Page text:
“Organize all items, including clothing, in bags of varying sizes. Instead of bags, utilize packing cubes.” Diane N. is a Dyrt camper.

8. How do I get help if I hurt myself?

If you haven’t noticed, I’m a worisome person. I’m also rather clumsy. What if I hurt myself during a hike or get really sick? Is there any way to receive aid in the wilderness? First and foremost, prepare a first-aid package.

If you want to disconnect by leaving your phone at home, bring a personal locating beacon (PLB) or satellite messenger with you instead. It allows you to call for assistance regardless of mobile service. These gadgets employ a satellite network to send your GPS position to national search authorities and the nearest first responders within 3-5 minutes.

9. Where do I go to the bathroom?

What, specifically, is the procedure for doing number two?

Toilets and showers are available at the majority of approved campsites. If you’re in the bush and really must go, locate a remote area, dig a cathole, and cover it up after you’re through. You may either bury the toilet paper with it or put it in a wag bag to dispose of later. Remember to check for critters and poison ivy before squatting!

10. OK, but what about bears?

a grizzly bear crossing the road in yellowstone national park

My mind flashed with bright colored lights with a first-time camping question: what about bears? They’re out there if you’re in bear country. Make noise while hiking to avoid being taken by surprise, but don’t whistle or yell. Never leave food out, and always shut up your stuff before going to bed. For additional information, go to the Go Bear Smart Safety Society. The more you know about bear safety, the more secure you’ll feel on your first trip to bear territory.

“Bears like breaking into tents during thunderstorms.” —The Dyrt camper Evelyn J.

“Despite living in bear country, you can relax and sleep well.” —The Dyrt camper Dalia G.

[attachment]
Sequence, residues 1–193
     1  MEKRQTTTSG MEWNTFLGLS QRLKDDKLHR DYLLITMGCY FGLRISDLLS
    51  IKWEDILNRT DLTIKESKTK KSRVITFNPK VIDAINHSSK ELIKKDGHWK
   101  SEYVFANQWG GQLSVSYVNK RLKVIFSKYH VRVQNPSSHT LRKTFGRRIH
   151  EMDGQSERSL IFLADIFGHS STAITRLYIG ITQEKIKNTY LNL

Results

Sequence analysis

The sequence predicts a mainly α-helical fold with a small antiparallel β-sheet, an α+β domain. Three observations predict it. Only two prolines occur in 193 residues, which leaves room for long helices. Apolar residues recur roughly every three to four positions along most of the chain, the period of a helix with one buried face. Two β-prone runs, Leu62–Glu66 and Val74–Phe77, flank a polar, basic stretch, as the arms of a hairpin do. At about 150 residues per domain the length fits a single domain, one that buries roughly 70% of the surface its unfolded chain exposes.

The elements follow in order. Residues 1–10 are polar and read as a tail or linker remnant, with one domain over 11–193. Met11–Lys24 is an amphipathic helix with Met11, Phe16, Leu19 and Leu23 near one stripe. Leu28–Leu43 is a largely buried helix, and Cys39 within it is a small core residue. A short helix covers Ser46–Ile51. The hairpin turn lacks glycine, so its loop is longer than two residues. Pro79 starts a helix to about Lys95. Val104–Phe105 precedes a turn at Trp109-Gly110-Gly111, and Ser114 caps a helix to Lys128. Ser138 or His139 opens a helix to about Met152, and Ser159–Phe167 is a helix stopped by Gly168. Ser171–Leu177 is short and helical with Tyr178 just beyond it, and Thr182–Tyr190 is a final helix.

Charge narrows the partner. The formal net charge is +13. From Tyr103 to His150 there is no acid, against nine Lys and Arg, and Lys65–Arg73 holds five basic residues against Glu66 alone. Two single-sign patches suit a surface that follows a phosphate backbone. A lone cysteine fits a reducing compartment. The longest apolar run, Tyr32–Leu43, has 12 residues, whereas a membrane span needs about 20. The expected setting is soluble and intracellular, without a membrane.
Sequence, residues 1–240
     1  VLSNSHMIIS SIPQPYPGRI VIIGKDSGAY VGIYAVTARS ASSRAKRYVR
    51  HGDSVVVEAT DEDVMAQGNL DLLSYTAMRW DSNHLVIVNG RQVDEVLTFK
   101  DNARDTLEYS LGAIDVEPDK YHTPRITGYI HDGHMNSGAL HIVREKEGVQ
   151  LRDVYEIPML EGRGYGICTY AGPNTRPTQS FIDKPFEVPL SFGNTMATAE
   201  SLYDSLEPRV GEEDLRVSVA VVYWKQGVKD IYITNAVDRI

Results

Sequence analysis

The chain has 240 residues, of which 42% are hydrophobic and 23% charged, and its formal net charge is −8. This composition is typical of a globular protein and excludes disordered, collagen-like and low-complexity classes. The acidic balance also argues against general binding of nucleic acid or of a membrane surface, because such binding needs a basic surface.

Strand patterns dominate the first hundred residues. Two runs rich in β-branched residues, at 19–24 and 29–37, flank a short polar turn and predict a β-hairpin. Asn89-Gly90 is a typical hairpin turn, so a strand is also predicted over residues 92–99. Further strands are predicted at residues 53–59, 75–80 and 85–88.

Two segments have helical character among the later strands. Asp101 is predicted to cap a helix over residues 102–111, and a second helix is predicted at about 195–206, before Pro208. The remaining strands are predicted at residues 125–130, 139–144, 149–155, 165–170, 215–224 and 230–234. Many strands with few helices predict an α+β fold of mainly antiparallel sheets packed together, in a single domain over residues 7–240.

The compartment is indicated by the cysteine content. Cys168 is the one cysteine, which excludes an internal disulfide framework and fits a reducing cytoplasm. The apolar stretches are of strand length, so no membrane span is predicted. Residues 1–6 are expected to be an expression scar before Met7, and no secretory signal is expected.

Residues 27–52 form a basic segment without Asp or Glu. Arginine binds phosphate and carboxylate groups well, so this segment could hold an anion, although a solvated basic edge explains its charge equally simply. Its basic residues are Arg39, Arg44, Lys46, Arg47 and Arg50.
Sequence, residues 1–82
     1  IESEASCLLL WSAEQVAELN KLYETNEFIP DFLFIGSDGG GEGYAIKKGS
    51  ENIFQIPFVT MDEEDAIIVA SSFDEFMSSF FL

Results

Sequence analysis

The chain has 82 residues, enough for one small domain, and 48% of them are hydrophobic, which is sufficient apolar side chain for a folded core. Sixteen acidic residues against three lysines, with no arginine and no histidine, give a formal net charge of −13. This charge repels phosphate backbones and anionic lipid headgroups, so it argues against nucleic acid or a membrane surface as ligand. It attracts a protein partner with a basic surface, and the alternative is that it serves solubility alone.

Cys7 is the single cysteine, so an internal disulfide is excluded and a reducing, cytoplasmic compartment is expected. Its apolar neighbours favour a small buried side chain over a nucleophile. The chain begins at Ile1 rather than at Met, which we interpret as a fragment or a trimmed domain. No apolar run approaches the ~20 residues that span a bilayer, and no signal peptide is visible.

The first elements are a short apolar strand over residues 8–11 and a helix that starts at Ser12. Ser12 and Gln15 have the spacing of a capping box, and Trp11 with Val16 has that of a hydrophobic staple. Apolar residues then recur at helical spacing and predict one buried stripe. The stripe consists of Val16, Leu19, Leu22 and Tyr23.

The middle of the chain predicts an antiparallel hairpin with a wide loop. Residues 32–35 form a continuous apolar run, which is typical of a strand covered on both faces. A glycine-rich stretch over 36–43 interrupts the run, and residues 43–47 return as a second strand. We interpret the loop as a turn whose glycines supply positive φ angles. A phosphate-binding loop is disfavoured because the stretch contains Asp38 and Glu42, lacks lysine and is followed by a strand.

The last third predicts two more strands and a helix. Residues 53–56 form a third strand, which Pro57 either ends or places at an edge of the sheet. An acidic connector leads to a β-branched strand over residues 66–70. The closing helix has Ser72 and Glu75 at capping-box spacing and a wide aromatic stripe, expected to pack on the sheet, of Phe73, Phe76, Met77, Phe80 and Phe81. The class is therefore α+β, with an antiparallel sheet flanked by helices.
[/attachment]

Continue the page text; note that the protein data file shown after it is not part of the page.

“If you’re not in bear country and you want to leave your cooler out, ratchet straps are good to keep out smaller creatures.” Sarah H., a Dyrt camper.

Related Questions

  • What are the 5 W’s of camping?

    To be safe and comfortable in the environment, there are five crucial aspects to consider. Wind, water, widowmakers, timber, and animals are among the five components. These elements are known as the “5 W’s.”

  • What is the first rule of camping?

    Remember the old adage: you get out what you put in. 2. Put your fire out: Because you can endanger those around you, this is one of the most important camping rules, regardless of where you go. Be care to extinguish your fire before going to bed, leaving for the day, or leaving the site at the conclusion of your stay.

  • What are 5 camping safety tips?

    5 camping safety tips you should follow

    1. Plan safe physical activities.
    2. Prevent bug bites.
    3. Protect yourself from the sun.
    4. Practice campfire safety.
    5. Prepare for the unexpected.
  • What do most people forget when camping?

    The following are some of the most often forgotten things at campsites:

    1. Wood. Some campsites forbid you from bringing in outside wood, while others forbid you from foraging around the campground for wood. …
    2. Batteries. …
    3. Wet Wipes. …
    4. Duct Tape. …
    5. Ice. …
    6. Trash bags. …
    7. Hatchet or hammer.